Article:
Any number of books on the market today can acquaint small business owners with the rudiments of accounting, including the two books listed above. However, the Accounting QuickStart Guide stands out for its encouraging tone, clarity, and completeness (all within 213 pages), making it a solid choice for busy business owners with a lot of other things on their minds. The book offers a good introduction to the basics of accounting and bookkeeping, along with a useful chapter on tax matters.
Author Josh Bauerle is a CPA whose biography says he specializes in working with online business owners. The latest update of this book is the third edition, published in 2018.
As its subtitle announces, Nonprofit Accounting and Financial Statements offers guidance for board members, managers, and employees of not-for-profit organizations. But author Thomas R. Ittelson notes that it was written “primarily from a board member’s perspective because oversight and financial accountability ultimately rest with the board.”
The book walks readers through the accounting rules that apply to this sector and the types of financial statements that nonprofits are supposed to prepare and board members are expected to comprehend.
In addition to this 283-page book—now in a third edition, published in 2020—Ittelson is the author of a 60-page visual “companion book:” A Picture Book of Nonprofit Financial Statements, which covers statements of activities, statements of financial position, statements of cash flows, and statements of functional expenses.
Warren Buffett and the Interpretation of Financial Statements begins with a quotation from the fabled “Oracle of Omaha” himself, part of which proclaims: “unless you are willing to put in the effort to learn accounting—how to read and interpret financial statements—you really shouldn’t select stocks yourself.”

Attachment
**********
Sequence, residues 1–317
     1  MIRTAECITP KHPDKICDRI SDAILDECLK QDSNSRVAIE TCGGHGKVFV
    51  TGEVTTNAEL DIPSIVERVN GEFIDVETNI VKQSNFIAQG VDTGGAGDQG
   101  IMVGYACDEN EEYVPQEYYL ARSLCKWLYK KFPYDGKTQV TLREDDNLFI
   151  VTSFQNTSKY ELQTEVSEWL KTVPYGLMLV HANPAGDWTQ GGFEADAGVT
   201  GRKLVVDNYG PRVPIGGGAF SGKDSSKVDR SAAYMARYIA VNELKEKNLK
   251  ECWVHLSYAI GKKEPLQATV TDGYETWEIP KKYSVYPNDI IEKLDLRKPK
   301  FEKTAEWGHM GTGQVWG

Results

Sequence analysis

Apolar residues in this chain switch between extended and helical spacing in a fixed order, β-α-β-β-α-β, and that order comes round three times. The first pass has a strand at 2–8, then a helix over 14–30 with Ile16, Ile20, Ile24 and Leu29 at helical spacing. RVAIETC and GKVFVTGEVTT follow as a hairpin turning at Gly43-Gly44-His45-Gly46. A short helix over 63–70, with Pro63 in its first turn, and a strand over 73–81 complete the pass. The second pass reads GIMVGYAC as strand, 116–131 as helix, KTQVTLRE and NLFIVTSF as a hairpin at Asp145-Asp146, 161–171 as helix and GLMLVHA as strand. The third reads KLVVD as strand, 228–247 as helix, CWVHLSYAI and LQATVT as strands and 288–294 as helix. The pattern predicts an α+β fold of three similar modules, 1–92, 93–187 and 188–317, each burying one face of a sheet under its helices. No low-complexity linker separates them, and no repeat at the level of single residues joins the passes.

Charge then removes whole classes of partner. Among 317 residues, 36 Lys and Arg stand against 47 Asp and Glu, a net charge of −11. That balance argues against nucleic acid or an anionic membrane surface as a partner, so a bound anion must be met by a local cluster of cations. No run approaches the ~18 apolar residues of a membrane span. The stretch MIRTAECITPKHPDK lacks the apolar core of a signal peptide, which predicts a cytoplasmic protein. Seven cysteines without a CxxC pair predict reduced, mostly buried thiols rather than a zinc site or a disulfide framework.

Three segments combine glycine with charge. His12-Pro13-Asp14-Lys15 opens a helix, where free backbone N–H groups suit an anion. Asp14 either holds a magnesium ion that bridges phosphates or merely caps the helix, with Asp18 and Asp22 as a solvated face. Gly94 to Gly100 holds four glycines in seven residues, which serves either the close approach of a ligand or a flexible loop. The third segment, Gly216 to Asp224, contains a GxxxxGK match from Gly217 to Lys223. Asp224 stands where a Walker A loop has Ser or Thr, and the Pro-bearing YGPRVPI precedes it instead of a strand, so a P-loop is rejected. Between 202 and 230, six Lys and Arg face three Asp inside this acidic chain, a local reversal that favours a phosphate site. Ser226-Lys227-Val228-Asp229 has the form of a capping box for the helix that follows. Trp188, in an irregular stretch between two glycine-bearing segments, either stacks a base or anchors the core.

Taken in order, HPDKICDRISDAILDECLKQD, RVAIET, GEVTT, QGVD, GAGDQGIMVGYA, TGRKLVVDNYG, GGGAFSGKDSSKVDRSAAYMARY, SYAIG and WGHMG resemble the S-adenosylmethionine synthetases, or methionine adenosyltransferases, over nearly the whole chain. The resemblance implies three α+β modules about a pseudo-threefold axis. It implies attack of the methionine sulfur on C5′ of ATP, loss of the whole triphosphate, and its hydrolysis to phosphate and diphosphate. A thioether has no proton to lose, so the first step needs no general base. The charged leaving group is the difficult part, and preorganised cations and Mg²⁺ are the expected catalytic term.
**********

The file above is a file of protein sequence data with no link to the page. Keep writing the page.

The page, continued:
While there are any number of books that attempt to distill Warren Buffett’s investing wisdom, this one has the advantage of being written by an actual Buffett: Mary Buffett, his onetime daughter-in-law, who co-authored it with David Clark, a longtime “Buffettologist.” (Yes, that’s what such people are called.) The pair have collaborated on some half-dozen books to this point, but this one, issued in 2011, focuses most specifically on how to analyze corporate financial statements to find stocks with reliable long-term profit potential.
QuickBooks has become the go-to accounting software for many business owners. In Investopedia’s latest ratings of the best accounting software for small business, QuickBooks Online ranked best overall, and QuickBooks Self-Employed was named best for self-employed freelancers.